Parties challenging the DAP have expressed fear that the Palace might use the Yolanda emergency relief and rehabilitation as extra-legal argument to convince the tribunal to rule favorably on the President’s position.
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THIRD CHAMBER: Despite the clamor for the total rejection of the pork barrel, congressmen merely realigned the sum, cut it up into innocent-looking bits and hid them in Executive departments for their future use.
Majority of senators have expressed resolve to delete their PDAF in the 2014 budget and use the money to augment the calamity funds of the President.
Whatever is the outcome of the haggling over pork billions, watchdogs must not relax their monitoring. The bicameral conference committee – a sort of third chamber of the Congress – may insert amendments departing from the decision to delete budgetary pork.
Still untouched by the debate are the off-budget billions tucked in the President’s special purpose fund and his social fund contributed by the state gambling firms Philippine Amusement and Gaming Corp. and the Philippine Charity Sweepstakes Office.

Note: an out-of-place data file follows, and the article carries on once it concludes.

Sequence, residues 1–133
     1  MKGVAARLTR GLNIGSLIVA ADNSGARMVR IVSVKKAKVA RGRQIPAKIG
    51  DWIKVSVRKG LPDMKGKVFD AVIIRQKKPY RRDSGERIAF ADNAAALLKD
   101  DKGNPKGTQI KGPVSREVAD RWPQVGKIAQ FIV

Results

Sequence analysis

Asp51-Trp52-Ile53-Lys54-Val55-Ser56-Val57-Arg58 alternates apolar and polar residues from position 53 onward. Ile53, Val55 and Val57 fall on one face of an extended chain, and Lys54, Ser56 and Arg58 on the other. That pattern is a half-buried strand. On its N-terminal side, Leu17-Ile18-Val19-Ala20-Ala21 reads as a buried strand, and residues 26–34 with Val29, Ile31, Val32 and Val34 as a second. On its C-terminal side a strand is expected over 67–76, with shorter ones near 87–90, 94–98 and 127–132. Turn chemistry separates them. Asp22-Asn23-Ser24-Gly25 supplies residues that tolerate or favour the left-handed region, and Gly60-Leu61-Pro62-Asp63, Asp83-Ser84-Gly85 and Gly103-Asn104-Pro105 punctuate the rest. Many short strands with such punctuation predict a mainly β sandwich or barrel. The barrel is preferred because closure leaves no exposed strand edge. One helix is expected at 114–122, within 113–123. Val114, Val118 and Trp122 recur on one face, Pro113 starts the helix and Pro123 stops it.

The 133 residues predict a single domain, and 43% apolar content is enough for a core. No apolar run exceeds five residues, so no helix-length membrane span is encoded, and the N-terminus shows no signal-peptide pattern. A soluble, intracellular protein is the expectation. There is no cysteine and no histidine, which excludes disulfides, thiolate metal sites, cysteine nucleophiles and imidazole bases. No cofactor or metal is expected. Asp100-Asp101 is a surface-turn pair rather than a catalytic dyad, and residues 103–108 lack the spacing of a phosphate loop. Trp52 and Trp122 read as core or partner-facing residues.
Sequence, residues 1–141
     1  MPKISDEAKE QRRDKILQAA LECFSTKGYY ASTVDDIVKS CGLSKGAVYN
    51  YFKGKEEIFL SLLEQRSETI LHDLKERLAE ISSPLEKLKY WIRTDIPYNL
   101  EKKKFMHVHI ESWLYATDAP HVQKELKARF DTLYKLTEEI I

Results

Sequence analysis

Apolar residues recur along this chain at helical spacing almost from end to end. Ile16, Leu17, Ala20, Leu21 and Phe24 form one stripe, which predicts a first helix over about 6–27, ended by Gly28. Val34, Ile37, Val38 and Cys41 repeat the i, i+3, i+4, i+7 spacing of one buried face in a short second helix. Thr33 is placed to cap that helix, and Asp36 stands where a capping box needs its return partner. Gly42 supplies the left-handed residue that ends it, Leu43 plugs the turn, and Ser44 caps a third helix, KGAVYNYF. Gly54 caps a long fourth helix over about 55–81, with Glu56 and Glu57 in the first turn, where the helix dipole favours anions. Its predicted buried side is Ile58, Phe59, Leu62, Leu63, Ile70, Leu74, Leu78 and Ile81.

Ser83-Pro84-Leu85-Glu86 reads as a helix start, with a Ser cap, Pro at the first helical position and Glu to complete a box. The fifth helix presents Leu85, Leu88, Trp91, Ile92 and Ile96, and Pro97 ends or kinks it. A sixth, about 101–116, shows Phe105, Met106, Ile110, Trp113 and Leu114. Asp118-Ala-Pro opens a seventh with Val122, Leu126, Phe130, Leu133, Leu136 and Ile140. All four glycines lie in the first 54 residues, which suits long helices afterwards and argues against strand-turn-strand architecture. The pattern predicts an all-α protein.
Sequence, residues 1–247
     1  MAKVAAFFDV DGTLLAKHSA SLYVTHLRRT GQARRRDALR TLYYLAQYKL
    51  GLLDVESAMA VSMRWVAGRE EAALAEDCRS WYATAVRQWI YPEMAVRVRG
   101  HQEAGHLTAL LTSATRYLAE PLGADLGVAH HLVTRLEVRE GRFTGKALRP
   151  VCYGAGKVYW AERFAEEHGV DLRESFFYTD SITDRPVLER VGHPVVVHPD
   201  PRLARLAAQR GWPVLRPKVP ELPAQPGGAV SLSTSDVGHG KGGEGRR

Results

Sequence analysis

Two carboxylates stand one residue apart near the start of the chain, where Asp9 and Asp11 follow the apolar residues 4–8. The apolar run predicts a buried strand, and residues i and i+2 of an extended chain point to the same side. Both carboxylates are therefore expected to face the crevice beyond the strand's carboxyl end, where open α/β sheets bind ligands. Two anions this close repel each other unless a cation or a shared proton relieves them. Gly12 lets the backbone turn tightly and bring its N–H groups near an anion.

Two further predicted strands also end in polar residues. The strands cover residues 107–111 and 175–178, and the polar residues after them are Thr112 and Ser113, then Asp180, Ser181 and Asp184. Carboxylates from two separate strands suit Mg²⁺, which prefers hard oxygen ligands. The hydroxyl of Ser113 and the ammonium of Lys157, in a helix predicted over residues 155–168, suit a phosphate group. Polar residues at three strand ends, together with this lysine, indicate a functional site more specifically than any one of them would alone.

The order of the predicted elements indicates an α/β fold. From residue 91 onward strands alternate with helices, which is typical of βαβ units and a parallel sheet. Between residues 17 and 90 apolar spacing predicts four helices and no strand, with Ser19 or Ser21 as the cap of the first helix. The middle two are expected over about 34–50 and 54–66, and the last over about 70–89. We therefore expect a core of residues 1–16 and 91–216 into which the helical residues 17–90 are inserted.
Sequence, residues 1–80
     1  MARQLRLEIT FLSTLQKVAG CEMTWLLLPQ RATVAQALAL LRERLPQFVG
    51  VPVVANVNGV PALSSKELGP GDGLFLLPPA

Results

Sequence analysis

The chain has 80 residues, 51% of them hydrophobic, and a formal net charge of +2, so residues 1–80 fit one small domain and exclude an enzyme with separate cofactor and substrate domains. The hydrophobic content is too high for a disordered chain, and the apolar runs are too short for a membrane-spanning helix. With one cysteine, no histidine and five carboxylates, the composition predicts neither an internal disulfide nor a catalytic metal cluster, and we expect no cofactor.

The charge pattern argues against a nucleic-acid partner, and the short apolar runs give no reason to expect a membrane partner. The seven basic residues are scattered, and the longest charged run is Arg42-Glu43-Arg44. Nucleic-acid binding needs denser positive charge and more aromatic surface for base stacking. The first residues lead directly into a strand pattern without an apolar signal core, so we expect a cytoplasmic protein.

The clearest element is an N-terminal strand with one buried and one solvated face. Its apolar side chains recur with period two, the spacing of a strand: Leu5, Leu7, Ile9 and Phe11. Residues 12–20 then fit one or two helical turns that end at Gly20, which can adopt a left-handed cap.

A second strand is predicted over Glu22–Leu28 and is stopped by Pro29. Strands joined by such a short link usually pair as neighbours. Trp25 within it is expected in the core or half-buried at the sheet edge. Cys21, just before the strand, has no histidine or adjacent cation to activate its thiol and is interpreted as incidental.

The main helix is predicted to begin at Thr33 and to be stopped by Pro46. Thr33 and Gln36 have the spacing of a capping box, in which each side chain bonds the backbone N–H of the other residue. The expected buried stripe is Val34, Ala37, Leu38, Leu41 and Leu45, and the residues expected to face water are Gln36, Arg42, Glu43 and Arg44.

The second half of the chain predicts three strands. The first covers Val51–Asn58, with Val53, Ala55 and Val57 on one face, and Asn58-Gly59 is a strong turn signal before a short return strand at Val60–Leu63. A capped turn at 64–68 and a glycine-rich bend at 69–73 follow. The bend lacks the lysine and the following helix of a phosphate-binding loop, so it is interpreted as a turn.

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HOUSEKEEPING: Retrieved from my Yahoo inbox is an old letter of Navotas Rep. Toby Tiangco reacting to my Oct. 24 Postscript that said it was not true, as he had complained, that congressmen had less than two hours to read the budget bill before the vote for its final approval.
I had said in my column that the budget measure was submitted to the House the day after the President’s state of the nation address on July 22, giving congressmen three months to study it, not just 1-1/2 hours.
The opposition congressman had said on Twitter: “GAA Main Book 1,107 pages, Volume 1. 1,154 pages, Volume 2. 964 pages Total 3,225 pages. We were given 1-1/2 hours to read.”
In his rejoinder, Tiangco said the budget kept changing as it went through three readings during which amendments were being inserted here and there.
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WHAT EMERGENCY?: By the time the measure was presented for approval on third and final reading, Tiangco said, nobody was able to scrutinize its final form and content in the 1-1/2 hours given the chamber before voting on it.
He said: “When will members find out if their proposed amendments were accepted? Is an hour and a half enough to read through and compare the changes in the proposed GAA submitted during the first reading until its submission for the third and final reading?
“How can one determine if there were insertions? Considering that it is the final version to be approved by the House, the members should have been given reasonable time to read and study the version before them.
“The Certification of Urgency for the suspension of the three-day rule is qualified ‘to meet a public calamity or emergency’. But it does not apply since GAA funds can only be spent starting the next calendar year and therefore do not meet the ‘public calamity or emergency’ qualification.”